1 The world is everything that is the case.
1.1 The world is the totality of facts, not of things.
1.11 The world is determined by the facts, and by these being all the facts.
1.12 For the totality of facts determines both what is the case, and also all that is not the case.
1.13 The facts in logical space are the world.
1.2 The world divides into facts.
1.21 Any one can either be the case or not be the case, and everything else remain the same.
2 What is the case, the fact, is the existence of atomic facts.
2.01 An atomic fact is a combination of objects (entities, things).
The are the first nine propositions of Wittgenstein’s monumental work Tractatus Logico-Philosophicus. The first seven propositions deal with the stance, namely that of idealism. “The world is the totality of facts, not of things,” states Wittgenstein. Following Berkeley things only exist insofar as they are perceived. Minimally, things are secondary to the mind.
Suppose there are two facts about one thing. Then, there must be more facts than things. Suppose now another person held those two facts as well but held a third fact about the thing. Exactly where do the number of facts end?
To me, Wittgenstein got it wrong from the very beginning of his first attempt at the philosophical enterprise. He knew this too and changed tact with his second attempt found in Philosophical Investigations, a work which, in my opinion, was more successful and more correct.
The problem, to me, is with language, or rather with the relationship of language with concepts and things.
What is there to represent (phenomena) without the senses and the sensing of the world (noumena)? A non-sensing being would have nothing to think about (no phenomena) without the objects of the physical world. In other words, thought is always, firstly, about things, real things, and then, and only then, is it about abstract (mental) things. A life born of simply a brain without sensory input but nourished by a circulatory system responds to nothing, has no thoughts. Can it be called “alive” in the conventional sense?
A person fallen into a coma may have thoughts, “mental objects” if you will, and may struggle to return to the world of consciousness and awareness. Such is the will to live. But a sense-less being would not even have the will to return, or awareness that there is a place to return to.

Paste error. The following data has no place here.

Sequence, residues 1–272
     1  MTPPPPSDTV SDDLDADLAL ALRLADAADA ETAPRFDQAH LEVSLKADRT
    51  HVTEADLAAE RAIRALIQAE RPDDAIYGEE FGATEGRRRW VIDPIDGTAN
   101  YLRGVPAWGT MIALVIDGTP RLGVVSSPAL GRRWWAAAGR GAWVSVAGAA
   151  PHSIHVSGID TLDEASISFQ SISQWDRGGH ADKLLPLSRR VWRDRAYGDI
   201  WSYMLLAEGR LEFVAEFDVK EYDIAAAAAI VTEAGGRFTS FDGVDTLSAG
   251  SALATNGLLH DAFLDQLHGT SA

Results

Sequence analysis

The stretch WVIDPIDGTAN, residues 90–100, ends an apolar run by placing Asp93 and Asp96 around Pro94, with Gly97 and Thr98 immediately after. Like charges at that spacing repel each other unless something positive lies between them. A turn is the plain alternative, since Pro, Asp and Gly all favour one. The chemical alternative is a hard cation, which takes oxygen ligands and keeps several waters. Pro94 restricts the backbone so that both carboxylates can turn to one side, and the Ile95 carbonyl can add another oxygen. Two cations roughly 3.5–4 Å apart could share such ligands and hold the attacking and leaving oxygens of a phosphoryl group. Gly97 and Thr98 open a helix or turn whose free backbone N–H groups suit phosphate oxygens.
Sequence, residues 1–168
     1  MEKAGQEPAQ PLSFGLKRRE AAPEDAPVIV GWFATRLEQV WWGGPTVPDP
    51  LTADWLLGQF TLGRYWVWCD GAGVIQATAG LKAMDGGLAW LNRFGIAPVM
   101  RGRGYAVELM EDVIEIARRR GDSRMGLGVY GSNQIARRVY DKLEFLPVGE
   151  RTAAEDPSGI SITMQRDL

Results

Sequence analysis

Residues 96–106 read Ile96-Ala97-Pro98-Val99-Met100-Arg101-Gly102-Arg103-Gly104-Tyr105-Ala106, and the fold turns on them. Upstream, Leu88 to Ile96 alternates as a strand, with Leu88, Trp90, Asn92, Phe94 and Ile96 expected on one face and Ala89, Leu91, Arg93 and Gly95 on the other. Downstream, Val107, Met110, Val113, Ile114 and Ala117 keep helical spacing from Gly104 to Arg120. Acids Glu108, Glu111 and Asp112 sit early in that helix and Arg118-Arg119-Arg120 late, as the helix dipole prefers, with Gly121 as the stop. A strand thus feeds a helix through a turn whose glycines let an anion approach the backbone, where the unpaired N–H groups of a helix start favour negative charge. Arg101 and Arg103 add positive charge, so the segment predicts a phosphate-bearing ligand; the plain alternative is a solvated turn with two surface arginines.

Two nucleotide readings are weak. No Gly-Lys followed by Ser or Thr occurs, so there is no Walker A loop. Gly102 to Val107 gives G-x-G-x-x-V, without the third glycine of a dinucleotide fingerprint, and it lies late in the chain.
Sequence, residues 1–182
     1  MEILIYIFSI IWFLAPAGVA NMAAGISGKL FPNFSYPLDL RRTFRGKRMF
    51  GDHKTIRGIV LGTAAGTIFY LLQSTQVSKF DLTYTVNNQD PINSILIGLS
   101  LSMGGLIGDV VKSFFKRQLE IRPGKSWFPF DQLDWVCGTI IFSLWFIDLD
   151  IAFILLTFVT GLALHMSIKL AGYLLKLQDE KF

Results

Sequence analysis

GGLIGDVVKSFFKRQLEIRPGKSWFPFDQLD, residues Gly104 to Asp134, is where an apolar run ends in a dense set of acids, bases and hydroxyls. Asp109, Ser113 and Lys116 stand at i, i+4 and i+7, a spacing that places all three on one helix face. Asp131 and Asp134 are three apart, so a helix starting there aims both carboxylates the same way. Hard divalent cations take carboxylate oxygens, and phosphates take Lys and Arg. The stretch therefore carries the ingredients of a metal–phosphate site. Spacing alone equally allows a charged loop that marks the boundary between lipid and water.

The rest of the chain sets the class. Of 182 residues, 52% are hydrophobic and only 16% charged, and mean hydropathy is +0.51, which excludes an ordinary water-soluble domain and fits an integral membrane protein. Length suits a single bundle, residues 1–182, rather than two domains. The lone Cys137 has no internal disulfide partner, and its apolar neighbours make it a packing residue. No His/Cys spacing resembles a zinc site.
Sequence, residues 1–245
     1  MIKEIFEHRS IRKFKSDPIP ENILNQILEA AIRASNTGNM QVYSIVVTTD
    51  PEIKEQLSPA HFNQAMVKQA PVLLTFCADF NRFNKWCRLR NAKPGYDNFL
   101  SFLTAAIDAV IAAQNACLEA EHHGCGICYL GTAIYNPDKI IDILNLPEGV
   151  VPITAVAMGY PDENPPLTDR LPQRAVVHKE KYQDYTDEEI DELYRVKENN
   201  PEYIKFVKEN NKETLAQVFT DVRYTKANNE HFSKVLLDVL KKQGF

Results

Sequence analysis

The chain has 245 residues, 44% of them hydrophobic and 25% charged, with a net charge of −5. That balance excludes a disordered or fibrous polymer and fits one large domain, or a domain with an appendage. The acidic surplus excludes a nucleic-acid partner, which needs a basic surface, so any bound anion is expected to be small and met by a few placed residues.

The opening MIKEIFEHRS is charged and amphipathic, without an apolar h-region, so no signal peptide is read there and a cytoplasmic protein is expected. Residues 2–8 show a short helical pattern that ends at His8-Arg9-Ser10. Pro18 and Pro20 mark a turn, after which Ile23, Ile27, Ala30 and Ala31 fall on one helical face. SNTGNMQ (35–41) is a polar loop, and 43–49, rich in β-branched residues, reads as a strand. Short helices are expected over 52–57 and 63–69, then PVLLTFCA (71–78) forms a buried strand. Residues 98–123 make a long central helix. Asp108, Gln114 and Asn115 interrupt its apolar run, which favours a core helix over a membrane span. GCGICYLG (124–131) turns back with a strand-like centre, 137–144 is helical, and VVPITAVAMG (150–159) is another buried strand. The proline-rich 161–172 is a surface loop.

“Those who step into the same river have different waters flowing ever upon them.” (Heraclitus, in Freeman, 25)
Heraclitus observing the world accepted change as the its fundamental nature. Often Heraclitus is paraphrased as everything is in flux. Time is seemingly a fundamental part of observed material reality. It can be observed to pass at a constant rate. This, of course, is all but sense observation. But nonetheless, we function on, coordinate, avoid accidents, play games of tennis with our shared understanding of time. And we have no other choice but observe time with the senses.
Think of coma patients. For day, months, perhaps even years they are in a locked-in state of non-awareness of the “outside” sensed world. The shock comes when they come out of their comatose state feeling something only like a single night’s sleep. For them, time had stood still.
Our daily slumber also feels like this. The time between closing your eyes to sleep and waking up is but an instant in your mind.
This, to me, is sufficient evidence of the nature of time and its relationship to reality. Every night is a miniature coma.
Consider these four statements:
- What is subjective is subjective.
- What is objective is objective.
- What is objective can be subjective in disguise.
What is subjective can be objective in disguise.
Only the fourth statement is illogical. This necessarily says something of objectivity, namely that it is an illusion.